First recognized in Belgium during the late 19th century, the Belgian Malinois was one of four varieties of Belgium Shepherd Dog having a consistent anatomy and type but differing in hair texture, color and length.  Professor Adolphe Reul, described a square, medium size dog with well-set triangular ears and dark-brown eyes.  Each of the four varieties was named for the region around Brussels where it was seriously developed; the short-haired fawn Malinois in the Malines region, the long-haired fawn Tervuren from the town of Tervueren, the long-coated black Groenendael from the town of Groenendael and the wire-coated fawn Laekenois from the town of Laeken.  The first standard for the Belgian Shepherd Dog was adopted in 1892.

As the breed developed in Belgium, several different clubs and organizations came into being.  The Berger Belge Club was founded in 1898, in opposition to the Club de Chien de Berger Belge.  In 1908, a second national kennel club, the Kennel Club Belge, was founded in opposition to the Societe Royal Saint-Hubert, while in 1910 the Groenendael Club was established to promote that variety.  In 1912 the Federation Cynologique International (World Canine Organization) was was established, with the Saint-Hubert society quickly joining it.  All have played a role in the breed’s development in Belgium.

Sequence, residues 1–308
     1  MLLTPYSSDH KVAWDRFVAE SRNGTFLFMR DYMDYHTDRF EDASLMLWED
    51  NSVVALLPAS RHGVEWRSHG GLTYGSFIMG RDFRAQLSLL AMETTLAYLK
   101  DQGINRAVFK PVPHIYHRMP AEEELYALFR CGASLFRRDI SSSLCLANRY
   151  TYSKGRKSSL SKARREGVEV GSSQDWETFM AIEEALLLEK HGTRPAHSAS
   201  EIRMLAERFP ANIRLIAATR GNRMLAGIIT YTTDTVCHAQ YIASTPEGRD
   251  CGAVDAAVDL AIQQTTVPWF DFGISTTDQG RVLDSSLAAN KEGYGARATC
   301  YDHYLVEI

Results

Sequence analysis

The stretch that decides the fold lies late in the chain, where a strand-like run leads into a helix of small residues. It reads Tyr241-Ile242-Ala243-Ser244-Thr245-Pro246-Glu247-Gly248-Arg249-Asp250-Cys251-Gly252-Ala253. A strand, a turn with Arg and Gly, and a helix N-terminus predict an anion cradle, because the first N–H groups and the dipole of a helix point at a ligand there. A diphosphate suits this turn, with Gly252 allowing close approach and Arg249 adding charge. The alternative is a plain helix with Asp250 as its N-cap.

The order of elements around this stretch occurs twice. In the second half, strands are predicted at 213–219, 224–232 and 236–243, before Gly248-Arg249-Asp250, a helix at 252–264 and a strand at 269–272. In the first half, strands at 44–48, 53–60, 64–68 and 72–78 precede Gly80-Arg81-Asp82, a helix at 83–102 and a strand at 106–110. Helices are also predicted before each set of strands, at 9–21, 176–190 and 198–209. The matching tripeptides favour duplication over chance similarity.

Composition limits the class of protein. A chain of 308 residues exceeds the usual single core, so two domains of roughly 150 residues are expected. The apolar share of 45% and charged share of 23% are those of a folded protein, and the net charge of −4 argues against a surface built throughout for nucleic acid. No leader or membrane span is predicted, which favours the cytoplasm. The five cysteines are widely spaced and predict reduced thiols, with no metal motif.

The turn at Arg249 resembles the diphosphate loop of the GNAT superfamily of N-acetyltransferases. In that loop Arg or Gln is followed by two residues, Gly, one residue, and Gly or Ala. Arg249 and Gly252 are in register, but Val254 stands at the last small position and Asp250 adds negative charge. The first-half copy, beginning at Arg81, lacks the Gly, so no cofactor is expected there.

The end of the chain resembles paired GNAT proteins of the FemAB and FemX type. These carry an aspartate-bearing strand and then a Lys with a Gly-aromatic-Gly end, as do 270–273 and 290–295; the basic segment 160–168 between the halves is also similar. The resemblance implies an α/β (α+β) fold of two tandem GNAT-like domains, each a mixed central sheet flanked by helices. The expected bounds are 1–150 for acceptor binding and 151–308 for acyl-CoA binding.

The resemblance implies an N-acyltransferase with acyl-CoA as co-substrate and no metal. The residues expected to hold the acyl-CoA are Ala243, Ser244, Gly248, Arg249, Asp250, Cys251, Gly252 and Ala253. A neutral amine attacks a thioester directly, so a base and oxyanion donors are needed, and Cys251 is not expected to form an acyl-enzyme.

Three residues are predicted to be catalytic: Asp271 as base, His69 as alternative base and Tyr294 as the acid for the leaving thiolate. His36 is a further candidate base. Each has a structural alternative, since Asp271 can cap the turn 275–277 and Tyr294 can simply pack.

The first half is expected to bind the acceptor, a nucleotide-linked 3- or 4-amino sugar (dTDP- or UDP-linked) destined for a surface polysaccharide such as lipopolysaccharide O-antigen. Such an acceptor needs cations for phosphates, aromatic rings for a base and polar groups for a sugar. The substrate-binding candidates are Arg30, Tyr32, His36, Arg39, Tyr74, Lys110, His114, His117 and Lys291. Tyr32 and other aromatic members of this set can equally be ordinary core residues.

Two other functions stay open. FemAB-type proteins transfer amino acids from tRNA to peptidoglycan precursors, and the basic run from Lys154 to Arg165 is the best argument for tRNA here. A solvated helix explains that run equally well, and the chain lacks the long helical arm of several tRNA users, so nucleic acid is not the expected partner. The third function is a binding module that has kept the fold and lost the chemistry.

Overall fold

The first AKC mention of the Belgian Sheepdog was a small notice in the January 1908 AKC Gazette mentioning that five additional Belgian Sheepdogs had been added to the NYC police force to work with an American bred one.  Two Malinois along with two Groenendael were imported into the US and registered into the AKC studbook in 1911.  They were registered as German Shepherds with the affix Belgian given to their names; Belgian Blackie (AKC # 148516) and Belgian Mouche (AKC 148517).  One, Belgian Blackie registered with Saint Hubert as Blackor became an early AKC champion.  During the period of time from 1911 until World War II, the Malinois enjoyed American popularity with many dogs from the best Belgian bloodlines being imported and bred.  There was some renewed interest after the war, but the breed did not flourish.  Before 1959, the Belgian Malinois was relegated to the Miscellaneous class because there were not enough registrations to provide competition for championships.  Interest in the breed increased again in 1963 with sufficient numbers having been registered with AKC for the breed to move to the working group and be eligible to compete for championships in 1965.  Belgians were registered and shown as one breed in the United States until issues arose over color and inter-variety breeding.  In 1959, the AKC gave each variety a separate breed status.  In Europe and Canada they are still considered varieties of the Belgian Shepherd.  In 1983, the Malinois was moved to the new Herding Group with any other herding breeds.  In June of 1995, the AKC lifted the three generation rule on imports for all breeds.  While this has increased importations, it has also complicated the Belgian “separate breeds” dilemma.

A debt of gratitude is owed to the strong supporters and founding breeders of the Belgian Malinois breed in the United States.  Early breeders and kennels of note include: Antonia Diamond, Diadem; Donna Haworth, Souvenir; Dorothy Kutlik, De L’Ferme and Frank and Carol Knock – TriSorts.